Policemen collect evidence at the site of a bomb attack at the district court in Islamabad yesterday.
ISLAMABAD: Eleven people including a judge were killed yesterday in a gun and suicide bomb attack on a court complex in Islamabad, a rare strike at the heart of the heavily-guarded Pakistani capital.
Pakistan has been in the grip of a bloody homegrown Taliban insurgency since 2007 but there have been very few attacks in recent years in the capital.
The Pakistani Taliban denied any connection to the assault, which came two days after the militants announced a month-long ceasefire aimed at restarting stalled peace talks with the government.
More than 110 people have now been killed in militant attacks since Prime Minister Nawaz Sharif announced the talks in late January, leading some observers to question the value of the process.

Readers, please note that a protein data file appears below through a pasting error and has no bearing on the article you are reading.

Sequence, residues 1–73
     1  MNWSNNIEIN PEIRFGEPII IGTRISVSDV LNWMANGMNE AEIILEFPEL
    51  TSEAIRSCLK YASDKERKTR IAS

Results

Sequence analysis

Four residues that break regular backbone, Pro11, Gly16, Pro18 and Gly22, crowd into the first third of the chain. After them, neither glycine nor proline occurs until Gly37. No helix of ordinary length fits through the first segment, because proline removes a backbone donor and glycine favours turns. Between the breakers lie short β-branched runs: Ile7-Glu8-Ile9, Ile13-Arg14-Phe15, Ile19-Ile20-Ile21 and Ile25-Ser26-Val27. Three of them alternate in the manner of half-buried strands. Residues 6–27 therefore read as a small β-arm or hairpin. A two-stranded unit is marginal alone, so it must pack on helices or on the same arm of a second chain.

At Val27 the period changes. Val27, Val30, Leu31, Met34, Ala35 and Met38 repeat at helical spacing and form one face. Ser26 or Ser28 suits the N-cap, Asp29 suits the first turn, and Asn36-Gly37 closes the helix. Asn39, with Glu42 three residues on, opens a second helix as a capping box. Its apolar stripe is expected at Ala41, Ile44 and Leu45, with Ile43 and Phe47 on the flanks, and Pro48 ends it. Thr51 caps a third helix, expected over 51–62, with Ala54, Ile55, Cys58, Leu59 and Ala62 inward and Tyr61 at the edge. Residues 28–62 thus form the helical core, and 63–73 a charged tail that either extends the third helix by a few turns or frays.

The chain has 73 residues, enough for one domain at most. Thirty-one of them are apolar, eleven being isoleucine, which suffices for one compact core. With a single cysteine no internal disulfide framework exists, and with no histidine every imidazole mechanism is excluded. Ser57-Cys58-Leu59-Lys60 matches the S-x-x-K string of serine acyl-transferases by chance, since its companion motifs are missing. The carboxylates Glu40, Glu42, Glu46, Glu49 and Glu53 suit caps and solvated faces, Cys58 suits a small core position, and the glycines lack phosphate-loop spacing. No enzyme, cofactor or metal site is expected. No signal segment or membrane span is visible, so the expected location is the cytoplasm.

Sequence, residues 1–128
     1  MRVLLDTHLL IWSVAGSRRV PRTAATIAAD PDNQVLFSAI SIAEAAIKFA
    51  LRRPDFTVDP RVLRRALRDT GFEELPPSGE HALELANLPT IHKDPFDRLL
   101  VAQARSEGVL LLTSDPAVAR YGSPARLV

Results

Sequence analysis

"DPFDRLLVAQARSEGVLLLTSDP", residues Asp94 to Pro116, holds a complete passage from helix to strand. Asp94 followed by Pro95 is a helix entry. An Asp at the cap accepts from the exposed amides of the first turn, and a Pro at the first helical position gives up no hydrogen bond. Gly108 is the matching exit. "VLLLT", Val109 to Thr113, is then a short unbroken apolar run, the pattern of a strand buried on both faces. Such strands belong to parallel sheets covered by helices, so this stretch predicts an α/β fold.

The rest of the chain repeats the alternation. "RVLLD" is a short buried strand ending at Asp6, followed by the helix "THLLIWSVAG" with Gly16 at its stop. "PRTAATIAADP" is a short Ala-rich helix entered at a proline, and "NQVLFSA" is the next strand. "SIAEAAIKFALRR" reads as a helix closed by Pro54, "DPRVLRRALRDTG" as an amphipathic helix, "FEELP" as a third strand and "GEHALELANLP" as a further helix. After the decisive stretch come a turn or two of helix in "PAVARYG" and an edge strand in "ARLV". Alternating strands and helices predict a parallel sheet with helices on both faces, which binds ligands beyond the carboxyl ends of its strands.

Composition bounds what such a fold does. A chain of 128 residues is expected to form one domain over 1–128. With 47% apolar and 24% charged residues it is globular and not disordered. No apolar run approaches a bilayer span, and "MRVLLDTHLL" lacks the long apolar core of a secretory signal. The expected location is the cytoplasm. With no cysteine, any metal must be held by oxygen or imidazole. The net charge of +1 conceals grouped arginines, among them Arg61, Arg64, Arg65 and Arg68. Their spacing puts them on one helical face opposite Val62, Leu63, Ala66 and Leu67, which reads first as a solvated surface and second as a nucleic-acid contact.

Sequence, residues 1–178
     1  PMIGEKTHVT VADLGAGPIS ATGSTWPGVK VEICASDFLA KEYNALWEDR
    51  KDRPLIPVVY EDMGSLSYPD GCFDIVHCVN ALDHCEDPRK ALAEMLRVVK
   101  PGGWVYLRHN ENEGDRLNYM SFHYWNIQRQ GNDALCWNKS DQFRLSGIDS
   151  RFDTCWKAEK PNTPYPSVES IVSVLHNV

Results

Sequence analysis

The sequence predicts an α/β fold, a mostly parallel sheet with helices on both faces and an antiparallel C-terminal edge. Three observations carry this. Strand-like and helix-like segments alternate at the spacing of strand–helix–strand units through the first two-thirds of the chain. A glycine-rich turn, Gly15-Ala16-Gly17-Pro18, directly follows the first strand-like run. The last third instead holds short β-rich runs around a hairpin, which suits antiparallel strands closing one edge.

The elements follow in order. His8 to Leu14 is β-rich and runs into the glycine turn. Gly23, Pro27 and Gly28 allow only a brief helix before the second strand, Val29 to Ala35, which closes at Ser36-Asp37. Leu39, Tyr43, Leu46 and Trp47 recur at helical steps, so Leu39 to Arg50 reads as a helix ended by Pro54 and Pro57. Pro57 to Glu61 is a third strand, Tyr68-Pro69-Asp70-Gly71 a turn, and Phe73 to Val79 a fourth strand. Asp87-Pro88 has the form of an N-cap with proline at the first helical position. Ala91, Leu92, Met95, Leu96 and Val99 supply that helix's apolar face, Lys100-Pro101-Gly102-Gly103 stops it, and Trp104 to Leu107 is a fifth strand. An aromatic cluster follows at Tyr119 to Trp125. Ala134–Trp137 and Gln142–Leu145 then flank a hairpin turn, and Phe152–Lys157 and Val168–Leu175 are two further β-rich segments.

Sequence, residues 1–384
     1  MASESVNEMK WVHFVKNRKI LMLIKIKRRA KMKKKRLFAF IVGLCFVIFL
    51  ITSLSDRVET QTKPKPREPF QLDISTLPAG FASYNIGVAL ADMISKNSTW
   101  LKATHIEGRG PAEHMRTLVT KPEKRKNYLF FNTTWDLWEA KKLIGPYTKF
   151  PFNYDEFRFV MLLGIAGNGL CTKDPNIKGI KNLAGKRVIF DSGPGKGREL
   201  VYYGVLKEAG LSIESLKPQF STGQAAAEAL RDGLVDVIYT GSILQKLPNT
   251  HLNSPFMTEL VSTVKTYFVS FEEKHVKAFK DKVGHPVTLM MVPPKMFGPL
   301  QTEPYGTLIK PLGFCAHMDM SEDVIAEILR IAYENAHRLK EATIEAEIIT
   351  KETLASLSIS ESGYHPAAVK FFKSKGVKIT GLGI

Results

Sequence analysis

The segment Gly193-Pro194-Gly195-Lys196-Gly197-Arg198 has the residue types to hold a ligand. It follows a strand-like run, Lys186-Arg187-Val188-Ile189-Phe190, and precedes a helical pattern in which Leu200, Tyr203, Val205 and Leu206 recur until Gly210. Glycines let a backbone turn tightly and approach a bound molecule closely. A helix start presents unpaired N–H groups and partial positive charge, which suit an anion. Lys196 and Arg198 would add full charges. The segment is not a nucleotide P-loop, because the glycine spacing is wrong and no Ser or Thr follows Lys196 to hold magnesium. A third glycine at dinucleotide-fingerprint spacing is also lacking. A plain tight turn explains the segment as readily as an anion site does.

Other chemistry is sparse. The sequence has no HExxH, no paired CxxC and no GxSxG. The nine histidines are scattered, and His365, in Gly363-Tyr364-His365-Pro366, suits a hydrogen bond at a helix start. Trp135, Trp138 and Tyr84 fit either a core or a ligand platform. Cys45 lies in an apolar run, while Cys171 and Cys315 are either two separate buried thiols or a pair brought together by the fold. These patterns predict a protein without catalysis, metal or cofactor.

A spokesman for the Ahrar-ul-Hind militant group, which recently split from the main Tehreek-e-Taliban Pakistan (TTP) umbrella group, claimed yesterday’s attack.
There have been reports of disagreement over talks within the TTP, and analysts have voiced fears that any splintering of the movement would render the peace process useless.
But the radical cleric leading the TTP’s team for talks insisted the dialogue could still succeed.
Islamabad police chief Sikandar Hayat said the attack began around 9.00am with gunfire followed by two suicide blasts, which killed 11 people and wounded 29.
It was the first suicide attack in Islamabad since June 2011 and the deadliest in the city since a huge truck bomb at the Marriott Hotel killed 60 people in September 2008.
Interior Minister Chaudhry Nisar Ali Khan, addressing lawmakers in the National Assembly, said the attack could have been in response to the arrest of seven high-profile terror suspects by intelligence agencies on the outskirts of Islamabad in the past three days.
“Our intelligence agencies are hopeful and I assure this house that we will nab the culprits and bring them to justice,” Khan said.